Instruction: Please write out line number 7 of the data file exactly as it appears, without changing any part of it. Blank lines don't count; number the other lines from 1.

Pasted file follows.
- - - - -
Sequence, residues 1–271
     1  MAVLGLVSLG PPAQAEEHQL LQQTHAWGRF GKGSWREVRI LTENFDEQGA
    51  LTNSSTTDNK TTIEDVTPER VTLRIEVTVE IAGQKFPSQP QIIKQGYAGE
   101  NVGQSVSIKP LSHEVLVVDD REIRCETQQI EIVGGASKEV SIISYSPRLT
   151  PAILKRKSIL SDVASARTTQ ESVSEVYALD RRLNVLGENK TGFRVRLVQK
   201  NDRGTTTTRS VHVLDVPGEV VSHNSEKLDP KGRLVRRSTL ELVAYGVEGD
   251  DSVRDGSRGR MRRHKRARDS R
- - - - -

   251  DSVRDGSRGR MRRHKRARDS R